When asked to share an important lesson learned, participant Angela Wheat explains that active listening skills were part of a lesson that she will always remember.

“In one session, we talked about how active listening is often about the other person feeling heard,” Wheat says. “My mentor offered a tip for when I feel the need to interject something into the conversation during meetings. You should ask: ‘Does what I want to say move the meeting forward?’ If not, then don’t say it now. You can always follow up later. This moves your focus back to listening and makes for more effective meetings.”

Nathan Tackett says he will never forget the lesson on the importance of relationships. “One key factor in leadership is the ability to navigate the differences in individual relationships throughout the working environment,” Tackett says. “Understanding strengths, leadership styles, and respecting each other helps build trusting and positive working relationships.”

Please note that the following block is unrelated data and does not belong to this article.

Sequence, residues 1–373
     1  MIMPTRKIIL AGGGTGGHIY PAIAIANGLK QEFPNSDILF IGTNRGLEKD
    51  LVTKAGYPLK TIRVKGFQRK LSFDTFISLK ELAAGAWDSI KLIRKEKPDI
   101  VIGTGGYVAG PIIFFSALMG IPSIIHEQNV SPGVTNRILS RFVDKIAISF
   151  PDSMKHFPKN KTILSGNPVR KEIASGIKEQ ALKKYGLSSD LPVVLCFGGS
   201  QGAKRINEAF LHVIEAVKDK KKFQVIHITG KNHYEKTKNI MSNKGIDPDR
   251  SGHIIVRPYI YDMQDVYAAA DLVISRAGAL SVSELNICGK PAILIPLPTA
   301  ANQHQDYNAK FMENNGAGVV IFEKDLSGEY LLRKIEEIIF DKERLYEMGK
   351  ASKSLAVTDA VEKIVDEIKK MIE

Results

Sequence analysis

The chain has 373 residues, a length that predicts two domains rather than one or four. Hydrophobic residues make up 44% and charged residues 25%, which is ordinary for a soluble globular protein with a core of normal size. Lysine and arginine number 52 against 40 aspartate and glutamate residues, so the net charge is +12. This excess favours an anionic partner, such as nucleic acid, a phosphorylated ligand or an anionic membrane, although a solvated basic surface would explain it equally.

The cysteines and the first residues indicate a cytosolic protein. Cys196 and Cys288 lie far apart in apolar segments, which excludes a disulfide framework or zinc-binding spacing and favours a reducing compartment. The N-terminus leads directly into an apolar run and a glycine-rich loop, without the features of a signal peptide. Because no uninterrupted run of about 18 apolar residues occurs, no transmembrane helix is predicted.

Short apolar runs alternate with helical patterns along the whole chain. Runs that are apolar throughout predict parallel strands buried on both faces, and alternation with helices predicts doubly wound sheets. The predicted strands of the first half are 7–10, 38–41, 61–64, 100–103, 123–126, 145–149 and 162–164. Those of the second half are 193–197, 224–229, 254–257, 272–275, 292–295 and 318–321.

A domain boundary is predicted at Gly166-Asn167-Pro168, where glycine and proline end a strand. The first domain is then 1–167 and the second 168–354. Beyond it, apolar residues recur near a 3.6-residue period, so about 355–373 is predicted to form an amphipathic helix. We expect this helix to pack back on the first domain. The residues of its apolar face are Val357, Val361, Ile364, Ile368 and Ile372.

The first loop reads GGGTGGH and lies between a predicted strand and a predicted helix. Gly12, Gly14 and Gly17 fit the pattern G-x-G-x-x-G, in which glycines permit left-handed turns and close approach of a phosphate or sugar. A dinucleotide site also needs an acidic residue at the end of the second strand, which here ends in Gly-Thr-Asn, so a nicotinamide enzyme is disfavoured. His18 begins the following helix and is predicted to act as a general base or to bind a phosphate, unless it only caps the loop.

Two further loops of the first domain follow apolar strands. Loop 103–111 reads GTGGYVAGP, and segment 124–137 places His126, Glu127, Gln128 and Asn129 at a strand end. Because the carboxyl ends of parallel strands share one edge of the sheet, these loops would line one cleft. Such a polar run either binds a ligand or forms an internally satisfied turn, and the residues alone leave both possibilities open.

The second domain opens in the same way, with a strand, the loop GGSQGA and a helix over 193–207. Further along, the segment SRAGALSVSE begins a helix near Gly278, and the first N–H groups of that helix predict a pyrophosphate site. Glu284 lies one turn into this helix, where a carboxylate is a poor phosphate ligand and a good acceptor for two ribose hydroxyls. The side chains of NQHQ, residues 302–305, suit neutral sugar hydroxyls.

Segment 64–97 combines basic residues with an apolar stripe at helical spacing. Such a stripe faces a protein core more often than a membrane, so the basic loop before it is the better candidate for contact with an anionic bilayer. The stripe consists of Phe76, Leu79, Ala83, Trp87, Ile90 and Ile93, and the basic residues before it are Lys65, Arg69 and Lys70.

Collaborating as a Group for Agency Improvement

As part of the program, participants were tasked with a larger project to complete together in groups.

“As a final project for the course,” Smith explains, “peer groups had to complete a concept paper and presentation for Senior Staff that was centered around a workforce development improvement, program, idea, or approach that they feel is missing at Southwestern.”

A common theme of networking and sharing emerged as participants worked on their group projects.

Wheat’s group decided on a plan for employees to meet. “We proposed recurring, optional employee networking opportunities to create or maintain peer relationships, learn how each division contributes to Southwestern’s mission, and see the various work environments,” she says. “It can be both a refresher for long-time employees and an introduction for new hires.”

Romans adds that his group also worked well together on the networking idea. “All of us shared a passion for our project,” he says. “Our idea was a networking event program called NOW (Networking and Outreach Workshops) that would help employees establish and strengthen relationships while learning how each of us, and each division, supports Southwestern’s mission. Basically, it is a way to connect and engage with one another to learn what each of us does, how and why we do it, and how we can help contribute towards those efforts to be more successful.”